A. Removal is Improper

         Remand is required here.[3] "As a general matter, defendants may remove to the appropriate federal district court 'any civil action brought in a State court of which the district courts of the United States have original jurisdiction.'" City of Chicago v. Int'l Coll. of Surgeons, 522 U.S. 156, 163 (1997) (quoting 28 U.S.C. § 1441(a)). The defendants allege that diversity jurisdiction exists pursuant to 28 U.S.C. § 1332(a). Section 1332(a) provides for federal jurisdiction when parties are citizens of different states and the amount in controversy exceeds $75, 000. However, "[a] civil action otherwise removable solely on the basis of the jurisdiction under section 1332(a). . . may not be removed if any of the parties in interest properly joined and served as defendants is a citizen of the State in which such action is brought." 28 U.S.C. § 1441(b)(2). It is apparent from the notice of removal and the parties' filings that the individual defendants are citizens of Pennsylvania. Indeed, defendants' opposition describes the 1019 Southampton Ave. address in Wyndmoor, Pennsylvania as their "home of many years." (Opp'n at 3.) Accordingly, remand is required regardless of the citizenship of the other parties.[4]

         B. The Court Declines to Require Payment of Costs and Fees

         The Court will deny Wells Fargo's request for costs and fees associated with the removal. "An order remanding [a] case may require payment of just costs and any actual expenses, including attorney fees, incurred as a result of the removal." 28 U.S.C. § 1447(c). "Absent unusual circumstances, courts may award attorney's fees under § 1447(c) only where the removing party lacked an objectively reasonable basis for seeking removal." Martin v. Franklin Capital Corp., 546 U.S. 132, 141 (2005). "Conversely, when an objectively reasonable basis exists, fees should be denied." Id. However, district courts retain discretion in determining whether to award fees in a given case. Id.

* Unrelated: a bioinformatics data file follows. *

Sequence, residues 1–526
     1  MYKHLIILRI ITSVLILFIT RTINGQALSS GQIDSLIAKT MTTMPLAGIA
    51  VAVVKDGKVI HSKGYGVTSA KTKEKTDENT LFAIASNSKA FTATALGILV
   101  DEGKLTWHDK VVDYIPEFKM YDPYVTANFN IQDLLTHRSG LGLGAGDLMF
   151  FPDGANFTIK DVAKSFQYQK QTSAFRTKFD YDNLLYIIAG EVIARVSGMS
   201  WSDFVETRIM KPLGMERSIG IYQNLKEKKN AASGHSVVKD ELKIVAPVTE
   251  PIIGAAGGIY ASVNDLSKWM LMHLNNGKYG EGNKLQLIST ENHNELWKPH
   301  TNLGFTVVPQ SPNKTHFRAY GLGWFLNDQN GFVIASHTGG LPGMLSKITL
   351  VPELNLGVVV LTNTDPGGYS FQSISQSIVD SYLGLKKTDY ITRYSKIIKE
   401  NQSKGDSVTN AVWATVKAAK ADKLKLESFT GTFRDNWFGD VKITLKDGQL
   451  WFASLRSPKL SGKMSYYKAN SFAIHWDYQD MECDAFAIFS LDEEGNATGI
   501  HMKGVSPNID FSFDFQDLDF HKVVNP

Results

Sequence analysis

It is understandable how the defendants could have believed diversity of citizenship provided a basis for jurisdiction in light of their pro se status, even though they apparently neglected to review other parts of the removal statute that precluded removal here. The Court is sympathetic to Wells Fargo's concerns about delay in this case. However, in light of the defendants' pro se status, the Court is not inclined to award costs or fees. See Oak Knoll Vill. Condo. Owners' Ass'n v. Jaye, No. 15-CV-5303 PGS TJB, 2015 WL 4603715, at *2 (D.N.J. July 30, 2015) (denying request for fees even where removal was "improper" because plaintiff was "acting pro se, and the court generally grants pro se litigants more latitude than it would an attorney admitted to practice before this court"); Fed. Nat. Mortg. Ass'n v. Allen, No. 2:13-CV-483, 2013 WL 5146201, at *6 (W.D. Pa. Sept. 13, 2013) ("Although it appears that Allen lacked an objectively reasonable basis for removing this action to federal court, she is proceeding pro se, and FNMA has not provided any argument or supporting documentation to show that Allen was aware of this standard."). If the defendants should again attempt removal, they are now on notice that removal is improper and that fees may be awarded accordingly. See Lott v. Duffy,579 Fed.Appx. 87, 90 (3d Cir. 2014) (per curiam) ("Duffy's second Notice of Removal was plainly unreasonable given the District Court's disposition of his first Notice of Removal."); HSBC Bank USA, N.A. v. Ruffolo, No. CV152891MASTJB, ...